Recent questions in Research Methodology

Average
Answered

Ruby Briggs
2022-07-23

Nonresponse Bias
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pliwraih
2022-07-23

1. Nonresponse Bias

2. Refusal rate

3. Response Bias

Nonresponse Bias
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Lisa Hardin
2022-07-23

Average
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posader86
2022-07-23

Average
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Noelanijd
2022-07-22

Types Of Research Studies
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Nash Frank
2022-07-21

I started learning series in calculus and I have trouble catching a basic concept. When I try to find if a series converges or diverges I have many ways to go about it. If I see that the series diverges than I stop there. If I see that the series converges than there is a number it's converging to right?

For example: $\sum \frac{2}{{n}^{3}+4}$. I do the limit comparison test with the series $\sum \frac{1}{{n}^{3}}$ and get a finite number 2. I know that $\sum \frac{1}{{n}^{3}}$ converges, so now I know that $\sum \frac{2}{{n}^{3}+4}$ converges also. How do I know to what number it converges to?

Types of Bias
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Brenton Dixon
2022-07-21

$6$ normal dice. The probability to get a $6$ is $1/6$ for each dice.

$3$ biased dice. The probability to get a $6$ is $0.85$.$3$ biased dice. The probability to get a $6$ is $0.05$.You take a die from the box at random and roll it.What is the conditional probability that it is of type $b$, given that it gives a $6$?

Nonresponse Bias
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Livia Cardenas
2022-07-19

1.Respondents have strong opinions about the subject matter.

2.Respondents change their answers to influence the results.

3.Respondents give the answer they think the questioner wants.

4.Respondents do not give their honest opinion.

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Nathalie Fields
2022-07-17

The standart deviation, the arithmetic average and the number of values.

Types Of Research Studies
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Tirimwb
2022-07-14

Suppose a billion monkeys type on word processors at a rate of 10 symbols per second. Assume that the word processors produce 27 symbols, namely, 26 letters of the English alphabet and a space. These monkeys type for 10 billion years. What is the probability that they can type the first sentence of Lincoln’s “Gettysburg Address”?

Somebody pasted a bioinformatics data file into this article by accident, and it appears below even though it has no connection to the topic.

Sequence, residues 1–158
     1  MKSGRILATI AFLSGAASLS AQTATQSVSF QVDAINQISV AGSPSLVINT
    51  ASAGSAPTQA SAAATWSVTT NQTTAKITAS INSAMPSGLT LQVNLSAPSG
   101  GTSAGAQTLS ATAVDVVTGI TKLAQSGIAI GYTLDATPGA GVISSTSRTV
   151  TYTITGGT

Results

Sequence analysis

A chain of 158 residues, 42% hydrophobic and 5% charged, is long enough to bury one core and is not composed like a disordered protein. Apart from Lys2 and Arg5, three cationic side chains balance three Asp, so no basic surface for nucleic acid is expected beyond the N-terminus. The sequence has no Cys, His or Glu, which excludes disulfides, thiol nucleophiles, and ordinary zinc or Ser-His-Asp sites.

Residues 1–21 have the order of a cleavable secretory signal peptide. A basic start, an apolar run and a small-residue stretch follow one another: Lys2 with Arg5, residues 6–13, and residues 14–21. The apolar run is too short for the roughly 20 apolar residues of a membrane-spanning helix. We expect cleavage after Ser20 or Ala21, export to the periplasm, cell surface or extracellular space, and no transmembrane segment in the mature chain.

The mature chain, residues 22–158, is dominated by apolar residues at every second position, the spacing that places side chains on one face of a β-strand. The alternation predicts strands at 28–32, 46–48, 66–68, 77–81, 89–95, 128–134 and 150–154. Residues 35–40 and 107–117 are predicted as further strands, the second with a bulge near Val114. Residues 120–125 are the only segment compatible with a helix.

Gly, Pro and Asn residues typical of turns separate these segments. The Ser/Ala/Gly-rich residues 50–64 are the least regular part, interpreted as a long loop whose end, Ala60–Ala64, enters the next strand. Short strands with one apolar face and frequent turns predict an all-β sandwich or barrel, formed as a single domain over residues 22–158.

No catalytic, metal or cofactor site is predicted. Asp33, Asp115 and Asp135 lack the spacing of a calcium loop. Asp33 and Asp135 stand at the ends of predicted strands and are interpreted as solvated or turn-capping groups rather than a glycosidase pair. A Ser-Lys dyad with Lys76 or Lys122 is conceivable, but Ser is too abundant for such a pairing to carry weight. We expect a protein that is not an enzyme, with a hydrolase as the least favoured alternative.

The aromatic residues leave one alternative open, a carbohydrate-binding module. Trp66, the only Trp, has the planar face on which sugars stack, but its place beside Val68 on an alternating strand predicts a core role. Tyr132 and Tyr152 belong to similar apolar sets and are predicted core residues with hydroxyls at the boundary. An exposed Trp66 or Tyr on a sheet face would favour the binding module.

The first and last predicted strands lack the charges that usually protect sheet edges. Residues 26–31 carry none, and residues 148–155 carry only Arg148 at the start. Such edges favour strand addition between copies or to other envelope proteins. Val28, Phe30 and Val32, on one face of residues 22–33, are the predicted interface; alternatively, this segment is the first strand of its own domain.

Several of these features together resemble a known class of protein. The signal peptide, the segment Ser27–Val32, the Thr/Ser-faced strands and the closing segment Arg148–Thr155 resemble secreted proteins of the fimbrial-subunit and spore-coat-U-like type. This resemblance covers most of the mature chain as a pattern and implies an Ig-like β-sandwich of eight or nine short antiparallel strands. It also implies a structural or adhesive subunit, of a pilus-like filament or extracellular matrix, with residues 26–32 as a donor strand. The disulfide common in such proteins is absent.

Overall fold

Four score and seven years ago our fathers brought forth on this continent a new nation conceived in liberty and dedicated to the proposition that all men are created equal.

Hint: Look up Boole’s inequality to provide an upper bound for the probability!

This is a homework question. I just want some pointers how to move forward from what I have done so far. Below I will explain my research so far.

First I calculated the probability of the monkey 1 typing the sentence (this question helped me do that); let's say that probability is p:

$P(\text{Monkey 1 types our sentence})=P({M}_{1})=p$

Now let's say that the monkeys are labeled ${M}_{1}$ to ${M}_{{10}^{9}}$, so given the hint in the question I calculated the upper bound for the probabilities of union of all $P({M}_{i})$ (the probability that i-th monkey types the sentence) using Boole's inequality.

Since $P({M}_{i})=P({M}_{1})=p$,

$P\left(\bigcup _{i}{M}_{i}\right)\le \sum _{i=1}^{{10}^{9}}P({M}_{i})=\sum ^{{10}^{9}}p={10}^{9}\phantom{\rule{thinmathspace}{0ex}}p$

Am I correct till this point? If yes, what can I do more in this question? I tried to study Bonferroni inequality for lower bounds but was unsuccessful to obtain a logical step. If not, how to approach the problem?

Types Of Research Studies
Answered

Elianna Lawrence
2022-07-14

I encountered a set of problems while studying statistics for research which I have combined to get a broader question. I want to know if this is a solvable problem with enough information specifically under what assumptions or approach.

Given that a minesweeper has encountered exactly 5 landmines in a particular 10 mile stretch, what is the probability that he will encounter exactly 6 landmines on the next 10 mile stretch. (Average number of landmines is 0.6 per mile in the 50 mile stretch)

I have figured that the approach involves finding out the Poisson probabilities of the discrete random variable with the combination of Bayes Conditional probability. But am stuck with proceeding on applying the Bayes rule. i.e $Pr(X=6\mid X=5)$.

I know that $Pr(X=5)={e}^{-6}{5}^{6}/5!.$ Here $\lambda =0.6\cdot 10$ and $X=5$) Similarly for $Pr(X=6)$. Is Bayes rule useful here: $P(Y\mid A)=Pr(A\mid Y)Pr(Y)/(Pr(A\mid Y)Pr(Y)+Pr(A\mid N)Pr(N))$?

Would appreciate any hints on proceeding with these types of formulations for broadening my understanding.